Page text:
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By Patrick Benjamin
It's been almost 10 years since I picked up a brush for the first time and to celebrate I repainted my very first sculpt/conversion. My NMM are getting better, but cloth continues to be my kryptonite. Also, I'm not sure how to get rid of the cross-eyed effect? Maybe the pupil is too tall?
By Darius Glenwell
After almost a year of work, I've finally completed this piece. 2 hours each on the adventurers, about an hour each on the terrain pieces, and close to 6 hours on the dragon itself. A lot of different colors used, so I'm not even going to try to mention them all. The terrain is mostly dry brushed, and washes. The dragon has no dry brushing at all though. Everything else is either layered or blended painting. Thanks for looking! Enjoy! (And yes, that is my YouTube channel in the background. LOL)
I've mentioned here and there on here that I take part in an Aztec-themed D&D game. The DM is an archaeologist who specializes in pre-Columbian Mesoamerica, so the campaign has a really fun mixture of Aztec lore and standard D&D fare.
My character is an Oath of the Ancients paladin, which we've flavored as an Aztec Jaguar Warrior who worships Xochipilli.
Anyway, long story short, Aztec warriors often used a macuahuitl or maquahuitl in battle - a wooden baton edged with obsidian blades that acted a lot like a long sword. Some accounts even said they could decapitate a horse. When I found this cute jaguar hat (OK, OK, leopard, close enough...) on Amazon for a measly $4 shipped, I decided I couldn't pass up the opportunity to do a cheap low-key cosplay for laughs. Below are the work in progress pics of me hacking up and painting a dollar store foam saber with some cheap craft store acrylics to make a macuahuitl to go with my "jaguar pelt".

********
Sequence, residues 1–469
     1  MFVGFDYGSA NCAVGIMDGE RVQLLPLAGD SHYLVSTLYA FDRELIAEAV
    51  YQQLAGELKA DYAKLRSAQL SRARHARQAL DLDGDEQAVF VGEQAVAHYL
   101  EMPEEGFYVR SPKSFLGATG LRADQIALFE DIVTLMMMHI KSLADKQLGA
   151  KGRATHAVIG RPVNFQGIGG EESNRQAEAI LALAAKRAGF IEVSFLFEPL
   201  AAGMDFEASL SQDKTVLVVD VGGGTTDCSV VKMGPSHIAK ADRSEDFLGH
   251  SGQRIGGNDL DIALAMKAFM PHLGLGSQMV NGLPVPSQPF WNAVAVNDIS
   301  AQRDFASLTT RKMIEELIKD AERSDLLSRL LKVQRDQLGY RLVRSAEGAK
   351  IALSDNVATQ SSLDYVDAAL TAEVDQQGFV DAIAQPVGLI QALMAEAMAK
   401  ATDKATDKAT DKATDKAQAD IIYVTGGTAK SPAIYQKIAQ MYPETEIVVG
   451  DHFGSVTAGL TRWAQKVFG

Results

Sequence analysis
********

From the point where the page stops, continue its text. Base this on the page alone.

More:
Standard issue dollar store toy sword.
Obsidian blades roughly marked out with a sharpie.
Spaces between the blades cut away with a box cutter.
I decided to go over the whole thing with a coat of white glue to fill in some of the pores and smooth some of the particularly rough areas where the foam got chewed up by the box cutter. In a perfect world I'd have given myself more time to work on this and used a foam cutter, but I didn't have the luxury of the former and I don't own the latter.
Mostly there on a base coat of light brown with the help of a certain five-year-old daughter. It would end up taking about 3 coats.
Obsidian blades done with gloss black. The handle still needs another coat or two, and I planned to wrap it in rough cotton yarn, but I couldn't find it. It's around here somewhere...
I should be able to finish it up tomorrow morning before our D&D session.
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